tidy up the output of lisp macros

For some reason it makes my teeth hurt to have my macros generate code that I wouldn’t have written by hand.  For example it’s not hard to get code like this out of a macro expansion.

(let ()
    (if (fp x)
         (f1 x)
         (f2 x)))))

v.s. what I might like:

(when (fp x)
   (f1 x)
   (f2 x))

I probably ought to just relax and ignore it, but instead I often revise macros so the code they generate is nicer to look at.   So that:

`(let ,vars ,@body)


(if vars
    `(let ,vars ,@body)
    `(progn ,@body))

This is silly!   Now I have ugly macros instead of ugly output.   I’m just moving the ugly bits around.

So I’ve started doing this:

(tidy-expression `(let ,vars ,@body))

where tidy-expression is something like this:

(defun tidy-expression (x)
  (match x
    (`(or ,a (or ,@b)) `(or ,a ,@b))
    (`(progn ,a (progn ,@b)) `(progn ,a ,@b))
    (`(progn ,x) x)
    (`(and ,a (and ,@b)) `(and ,a ,@b))
    (`(if ,a (progn ,@b)) `(when ,a ,@b))
    (`(if ,a (progn ,@b) (progn ,@c)) `(cond (,a ,@b) (t ,@c)))
    (`(if ,a (progn ,@b) ,c) `(cond (,a ,@b) (t ,c)))
    (`(if ,a ,b (progn ,@c)) `(cond (,a ,b) (t ,@c)))
    (`(let ,vs (progn ,@body)) (tidy-expression `(let ,vs ,@body)))
    (`(let nil ,@body) (tidy-expression `(progn ,@body)))
    (_ x)))

It’s another chapter in my crush on optima.

I write these tidy up functions as necessary.

That example only chews on the top of the form.   If you wanted something to clean up the first example you’d need to write tidy-expression-all.

   (if (fp x)
         (f1 x)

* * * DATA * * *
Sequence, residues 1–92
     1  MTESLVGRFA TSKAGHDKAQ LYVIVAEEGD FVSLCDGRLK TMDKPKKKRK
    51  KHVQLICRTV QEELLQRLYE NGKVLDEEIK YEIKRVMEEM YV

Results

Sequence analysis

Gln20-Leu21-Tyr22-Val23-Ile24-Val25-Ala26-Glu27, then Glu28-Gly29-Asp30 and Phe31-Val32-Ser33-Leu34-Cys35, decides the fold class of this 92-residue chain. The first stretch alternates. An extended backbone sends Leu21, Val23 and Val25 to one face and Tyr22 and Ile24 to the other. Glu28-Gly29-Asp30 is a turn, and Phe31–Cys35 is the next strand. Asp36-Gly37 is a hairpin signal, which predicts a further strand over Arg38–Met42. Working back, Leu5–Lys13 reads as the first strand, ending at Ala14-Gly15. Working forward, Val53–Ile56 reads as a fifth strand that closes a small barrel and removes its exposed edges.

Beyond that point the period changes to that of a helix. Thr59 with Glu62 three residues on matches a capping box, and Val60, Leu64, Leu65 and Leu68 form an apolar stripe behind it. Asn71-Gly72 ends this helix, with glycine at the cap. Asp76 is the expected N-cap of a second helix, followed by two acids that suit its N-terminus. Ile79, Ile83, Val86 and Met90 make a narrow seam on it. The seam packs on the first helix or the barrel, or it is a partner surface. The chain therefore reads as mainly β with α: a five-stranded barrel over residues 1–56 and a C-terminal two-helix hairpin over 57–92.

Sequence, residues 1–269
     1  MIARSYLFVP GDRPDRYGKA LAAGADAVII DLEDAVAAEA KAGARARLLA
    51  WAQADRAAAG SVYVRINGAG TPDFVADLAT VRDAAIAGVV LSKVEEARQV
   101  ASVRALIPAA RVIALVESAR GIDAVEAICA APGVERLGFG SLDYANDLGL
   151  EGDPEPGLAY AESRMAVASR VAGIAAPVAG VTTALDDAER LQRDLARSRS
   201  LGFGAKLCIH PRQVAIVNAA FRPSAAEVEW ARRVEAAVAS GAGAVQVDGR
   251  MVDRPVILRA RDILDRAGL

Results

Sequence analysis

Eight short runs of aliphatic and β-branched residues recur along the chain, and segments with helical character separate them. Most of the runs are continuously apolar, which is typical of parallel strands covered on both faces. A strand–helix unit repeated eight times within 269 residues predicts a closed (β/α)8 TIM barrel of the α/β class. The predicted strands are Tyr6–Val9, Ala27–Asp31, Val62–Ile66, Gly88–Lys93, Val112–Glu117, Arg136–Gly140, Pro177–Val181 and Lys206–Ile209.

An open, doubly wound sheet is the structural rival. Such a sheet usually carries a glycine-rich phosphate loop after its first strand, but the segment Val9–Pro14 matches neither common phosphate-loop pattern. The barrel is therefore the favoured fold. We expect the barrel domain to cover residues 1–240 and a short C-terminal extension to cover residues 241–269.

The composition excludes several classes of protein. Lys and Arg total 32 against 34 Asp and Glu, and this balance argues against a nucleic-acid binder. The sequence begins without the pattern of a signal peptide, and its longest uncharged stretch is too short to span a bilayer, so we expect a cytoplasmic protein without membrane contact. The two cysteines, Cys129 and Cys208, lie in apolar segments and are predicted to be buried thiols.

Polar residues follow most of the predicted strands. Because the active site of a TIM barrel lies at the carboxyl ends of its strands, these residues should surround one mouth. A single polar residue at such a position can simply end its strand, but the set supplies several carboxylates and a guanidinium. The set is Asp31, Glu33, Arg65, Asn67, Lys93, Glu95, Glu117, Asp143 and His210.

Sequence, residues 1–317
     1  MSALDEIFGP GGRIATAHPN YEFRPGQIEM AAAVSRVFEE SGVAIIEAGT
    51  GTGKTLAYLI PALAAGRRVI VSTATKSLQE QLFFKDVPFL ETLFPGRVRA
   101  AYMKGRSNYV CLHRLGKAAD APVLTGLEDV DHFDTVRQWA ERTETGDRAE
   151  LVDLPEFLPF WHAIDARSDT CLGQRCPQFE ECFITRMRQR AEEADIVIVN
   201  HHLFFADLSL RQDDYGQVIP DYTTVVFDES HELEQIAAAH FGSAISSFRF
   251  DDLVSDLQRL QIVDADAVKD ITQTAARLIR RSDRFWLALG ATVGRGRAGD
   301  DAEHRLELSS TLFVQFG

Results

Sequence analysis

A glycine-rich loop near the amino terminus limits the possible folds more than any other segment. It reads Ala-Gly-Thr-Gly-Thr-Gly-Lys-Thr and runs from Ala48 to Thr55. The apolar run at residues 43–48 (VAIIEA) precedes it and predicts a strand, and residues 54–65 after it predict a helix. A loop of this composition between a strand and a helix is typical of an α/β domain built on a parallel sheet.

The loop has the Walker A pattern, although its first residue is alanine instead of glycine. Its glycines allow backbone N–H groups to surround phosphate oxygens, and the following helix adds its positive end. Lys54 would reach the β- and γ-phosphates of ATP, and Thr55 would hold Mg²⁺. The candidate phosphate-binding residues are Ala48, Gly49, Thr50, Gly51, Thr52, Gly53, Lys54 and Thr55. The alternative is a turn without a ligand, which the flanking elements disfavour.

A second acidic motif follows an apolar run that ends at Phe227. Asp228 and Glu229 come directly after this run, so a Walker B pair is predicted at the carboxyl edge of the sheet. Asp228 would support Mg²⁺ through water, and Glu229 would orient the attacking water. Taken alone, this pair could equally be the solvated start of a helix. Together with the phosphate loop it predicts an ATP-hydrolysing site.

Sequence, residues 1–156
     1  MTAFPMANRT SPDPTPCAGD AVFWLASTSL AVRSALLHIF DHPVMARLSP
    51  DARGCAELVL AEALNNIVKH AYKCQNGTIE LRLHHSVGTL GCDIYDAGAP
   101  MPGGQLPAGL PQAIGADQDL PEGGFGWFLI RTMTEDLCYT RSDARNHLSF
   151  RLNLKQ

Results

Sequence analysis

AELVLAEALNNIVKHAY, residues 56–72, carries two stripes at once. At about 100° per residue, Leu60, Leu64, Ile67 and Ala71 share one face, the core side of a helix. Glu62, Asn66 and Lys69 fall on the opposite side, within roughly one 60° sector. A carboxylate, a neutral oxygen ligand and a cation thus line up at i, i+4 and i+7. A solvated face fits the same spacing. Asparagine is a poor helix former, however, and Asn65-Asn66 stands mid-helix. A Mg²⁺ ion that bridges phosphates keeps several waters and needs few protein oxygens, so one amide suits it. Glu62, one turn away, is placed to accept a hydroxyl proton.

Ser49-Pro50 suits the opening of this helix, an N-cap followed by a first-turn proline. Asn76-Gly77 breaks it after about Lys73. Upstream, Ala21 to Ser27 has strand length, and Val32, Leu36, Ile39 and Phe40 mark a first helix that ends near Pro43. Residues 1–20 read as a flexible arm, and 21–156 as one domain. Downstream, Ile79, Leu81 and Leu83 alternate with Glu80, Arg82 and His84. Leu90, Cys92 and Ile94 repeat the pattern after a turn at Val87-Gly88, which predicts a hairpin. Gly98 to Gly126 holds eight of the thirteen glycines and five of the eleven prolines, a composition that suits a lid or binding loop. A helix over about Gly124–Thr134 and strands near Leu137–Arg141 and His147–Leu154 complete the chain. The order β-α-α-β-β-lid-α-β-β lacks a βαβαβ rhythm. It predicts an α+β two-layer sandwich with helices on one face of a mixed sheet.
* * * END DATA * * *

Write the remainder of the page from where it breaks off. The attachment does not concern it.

(f2 x)))))
(when (fp x) (f1 x) (f2 x))

This all reminds me of Warren Teitelman’s programmer’s assistant in Interlisp.  It reminds me of some of the things that flycheck in Emacs does for other programming languages.   It reminds me that I’ve been wondering what would a lint for Common Lisp would look like.

I bet somebody already wrote a generalized tidy expression and I just don’t know were to look.

2 thoughts on “tidy up the output of lisp macros

  1. Zach Beane

    Riesbeck’s LISP-CRITIC does something like this, but it’s more about hinting about ugliness or weirdness than about directly fixing it.

    Cool stuff!

  2. Andy Fingerhut

    I don’t have any experience with Common Lisp lint tools myself, but you can find several projects from the past with a simple Google search for ‘lisp lint tool’. I have helped enhance a lint tool for the Lisp dialect Clojure recently, called Eastwood (https://github.com/jonase/eastwood), and went looking for existing tools to see what kinds of checking they performed.

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